Using Commercially Grown Vegetable Seedlings
There is nothing wrong with using commercially grown vegetable seedlings, especially if you are a novice gardener. But they have both advantages and disadvantages over their home-grown cousins. This pages explains the pros and cons of using commercial seedlings.
Before going out and buying seedlings check whether the vegetables you want to grow are suitable to plant as seedlings or are best sown directly as seeds. Unfortunately, many nurseries stock seedlings of vegetables that do not transplant easily. For a list of seedlings that are easy to transplant see the Seedling Planting Suitability Chart page.
- EASIER TO GROW
As long as you are using seedlings that are easy to transplant bought seedlings are easier to grow than home grown seedlings as you avoid the risks associated with growing the seedlings from scratch.
- NO WAITING TIME
Commercially grown seedlings can be bought and planted on the same day, whereas if you want to use your own seedlings you have to start growing them four to six weeks ahead of when you want to plant out.
- GOOD AS STOPGAPS
Bought seedlings are good stopgaps for when seedlings you are growing yourself fail or are not ready in time.
Bought seedlings are much more expensive than buying seeds and growing your own seedlings. You usually only get eight seedlings per standard punnet and in Australia punnets generally retail for around $3:50 each (2020 prices). Whereas a standard packet of seeds usually yields enough seeds to grow at least twenty punnets worth of seedlings.
- LACK OF DIVERSITY
If you were to list the different varieties of vegetables available as seedlings you would only fill a few pages, but if you listed all the different vegetables found in the various seed catalogues you would end up with a very large book. Growing your own seedlings hugely expands the variety of vegetables that you can grow.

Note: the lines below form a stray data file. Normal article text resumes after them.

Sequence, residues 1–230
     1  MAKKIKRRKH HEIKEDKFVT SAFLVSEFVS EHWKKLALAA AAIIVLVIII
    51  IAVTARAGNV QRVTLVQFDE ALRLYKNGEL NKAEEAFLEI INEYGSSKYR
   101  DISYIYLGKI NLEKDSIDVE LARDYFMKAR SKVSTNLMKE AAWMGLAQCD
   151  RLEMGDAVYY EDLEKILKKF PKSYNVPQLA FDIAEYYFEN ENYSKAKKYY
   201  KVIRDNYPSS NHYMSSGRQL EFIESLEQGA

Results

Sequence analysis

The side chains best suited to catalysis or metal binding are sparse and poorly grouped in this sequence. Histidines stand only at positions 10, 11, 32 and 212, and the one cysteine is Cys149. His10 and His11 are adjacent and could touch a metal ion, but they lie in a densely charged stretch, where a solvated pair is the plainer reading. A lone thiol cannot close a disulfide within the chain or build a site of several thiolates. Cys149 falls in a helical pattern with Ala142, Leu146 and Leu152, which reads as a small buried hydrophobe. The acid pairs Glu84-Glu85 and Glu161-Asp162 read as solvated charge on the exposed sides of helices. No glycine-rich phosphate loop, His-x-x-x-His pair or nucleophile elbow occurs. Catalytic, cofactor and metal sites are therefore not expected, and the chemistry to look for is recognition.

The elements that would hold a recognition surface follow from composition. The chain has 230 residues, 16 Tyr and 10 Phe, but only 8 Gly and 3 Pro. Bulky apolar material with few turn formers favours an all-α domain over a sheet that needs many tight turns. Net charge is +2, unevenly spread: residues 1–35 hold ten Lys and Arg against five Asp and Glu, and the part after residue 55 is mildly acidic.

- RELATIVELY WEAK SEEDLINGS
Commercial seedlings are grown under ideal conditions with plenty of water, heat and fertiliser to grow them as quickly as possible. This tends to produce seedlings that are more likely to be stressed when first planted in the garden as they are not used to the tougher conditions.
- NOT AS ENVIRONMENTALLY FRIENDLY
Most commercial seedlings are grown hundreds of kilometres from where they are sold, and a lot of fuel is used to truck them across the country. Transporting seeds uses much less fuel. Also< the punnets that they come in are only used once. If you grow your own seedlings not only will less energy be used producing them but the punnets and pots used to grow the seedlings can be used repeatedly.
BUY LOCAL SEEDLINGS IF POSSIBLE
If you must buy seedlings then try and buy ones that are grown locally by small operators. These seedlings are usually tougher than the ones grown by large wholesale nurseries as they are not forced (grown quickly under ideal conditions) and are grown under local conditions. Local seedling growers can often be found at farmers markets. Some nurseries and agricultural supply stores also stock local seedlings. Local seedlings can usually be spotted as they are generally grown in non-standard containers such as Styrofoam cups or even just wrapped in paper. If you are unsure then simply ask the vendor where they were grown.
DO NOT BUY SEEDLINGS THAT HAVE BEEN STRESSED DUE TO LACK OF WATER OR BEING LEFT TO GROW TOO BIG FOR THE PUNNET
Seedlings that have dried out at any stage should never be bought as lack of water often triggers vegetables to bolt (go to seed). By buying and planting them not only will you be wasting your money you will be using up valuable space in the vegetable patch, the crop they will produce is likely to be stunted and of poor quality.
This also applies to seedlings that have grown too big for their punnets. Some nurseries offer seedlings that have grown too big at discounted prices, but do not waste your money on them. Only buy seedlings in prime condition.
Seedlings for sale at a local nursery. The carrot seedlings on the right are a good example of nurseries selling seedlings that are not suitable to be planted as seedlings. Carrots planted as seedlings will almost always produce poor quality split carrots, they do much better when sown directly as seeds.